[visionlist] One year Post doc position in Caen (France) on time series analysis for the neural characterization of different levels of wakefulness.

Luc Brun luc.brun at e.email
Tue Nov 16 11:46:43 -04 2021

We are seeking an outstanding postdoctoral research fellow with 
experience in deep learning / machine learning to work with us at Caen 
University, France
on a project investigating the analysis of multi-modal time series for 
the characterization of brain functional connectivity in different 
levels of wakefulness.

Basic information:

Host institution: ENSICAEN, University of Caen Normandy and CNRS, GREYC 
laboratory (UMR 6072)

Gross Salary: between 2339 and 3268 euros per month according to 
experience (charges included)

Duration: 12 months.

Starting date: from January 2020

Advantages: Possibility of French courses, participation in transport 
costs, possibility of restoration on site.


Brain activity can be recorded in humans either by techniques based on 
the metabolic functioning of the neuron, such as Positron Emission 
(PET) or Magnetic Resonance Imaging (MRI), or by techniques based on the 
electrical functioning of the neuron, such as electroencephalography 
(EEG) or
magnetoencephalography (MEG). If the first type of measurement allows to 
obtain recordings with an interesting spatial resolution, the second 
type allows
a higher temporal resolution. To summarize, these two approaches are 
both imperfect but complementary.

In this project, we are interested by this double approach in the 
context of the human characterization of different levels of wakefulness 
(from full awake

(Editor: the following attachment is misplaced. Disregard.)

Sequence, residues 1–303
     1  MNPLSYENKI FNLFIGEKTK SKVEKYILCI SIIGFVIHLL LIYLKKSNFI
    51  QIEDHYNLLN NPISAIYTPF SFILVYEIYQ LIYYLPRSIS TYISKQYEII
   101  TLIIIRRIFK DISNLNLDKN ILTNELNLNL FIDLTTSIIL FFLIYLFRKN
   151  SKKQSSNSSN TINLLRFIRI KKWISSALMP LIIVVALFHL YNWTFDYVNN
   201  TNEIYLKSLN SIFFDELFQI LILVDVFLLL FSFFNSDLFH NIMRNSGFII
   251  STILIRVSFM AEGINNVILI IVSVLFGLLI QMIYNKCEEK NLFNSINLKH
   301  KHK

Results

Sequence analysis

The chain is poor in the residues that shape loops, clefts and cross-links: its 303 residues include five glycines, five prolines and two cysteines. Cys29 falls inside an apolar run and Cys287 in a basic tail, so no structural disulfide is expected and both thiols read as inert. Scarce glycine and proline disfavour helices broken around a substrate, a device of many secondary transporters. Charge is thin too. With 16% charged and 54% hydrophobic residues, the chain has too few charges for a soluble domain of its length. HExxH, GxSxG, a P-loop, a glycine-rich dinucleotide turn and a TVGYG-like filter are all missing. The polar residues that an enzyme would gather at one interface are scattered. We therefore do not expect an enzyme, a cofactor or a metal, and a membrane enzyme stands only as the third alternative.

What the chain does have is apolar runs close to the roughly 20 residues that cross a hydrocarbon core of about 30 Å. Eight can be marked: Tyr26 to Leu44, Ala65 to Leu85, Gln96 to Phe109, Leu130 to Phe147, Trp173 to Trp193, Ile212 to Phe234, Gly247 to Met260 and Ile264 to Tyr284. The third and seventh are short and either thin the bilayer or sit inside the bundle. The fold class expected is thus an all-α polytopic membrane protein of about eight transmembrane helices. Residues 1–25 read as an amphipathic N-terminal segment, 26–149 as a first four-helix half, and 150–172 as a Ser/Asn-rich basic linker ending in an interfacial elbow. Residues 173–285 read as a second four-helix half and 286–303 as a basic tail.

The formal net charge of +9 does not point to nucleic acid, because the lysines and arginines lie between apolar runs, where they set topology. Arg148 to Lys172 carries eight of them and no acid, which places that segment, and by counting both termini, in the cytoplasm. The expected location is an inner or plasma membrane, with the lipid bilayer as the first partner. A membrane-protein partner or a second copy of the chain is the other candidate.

to deep sleep). Data in animals indicate that the transition from 
wakefulness to sleep causes changes in the relationships between 
different brain structures.
Sensory inputs via the thalamus are inhibited leading to a decrease in 
thalamo-cortical links in favor of intra-cortical relations. These 
modifications progres-
sively isolate the cortex in order to facilitate the descent into sleep. 
In terms of connectivity, these modifications are reflected in EEG by a 
clear decrease in global long-distance connections which are 
progressively replaced by an intensification of local cortico-cortical 
connectivity [1]. On the other hand, MRI
connectivity analyses tend to show that the spatial extent of the 
networks is preserved during the early phases of sleep [2]. It is 
necessary to explore this ap-
parent paradox in order to better understand the cerebral mechanisms at 
play during the descent into sleep but also more broadly to explore the 
networks of
human consciousness. . .

Work plan

The project is based on data from a cohort being currently acquired. It 
includes EEG and MRI acquisitions performed while the subjects are 
falling asleep for
a nap. In a first step, the candidate will study the dynamic evolution 
of the functional connectivity measured in EEG as a function of the 
correlation metric
(spectral coherence, synchronization probability, phase synchronization 
method, etc.). In a second step, these results will have to be compared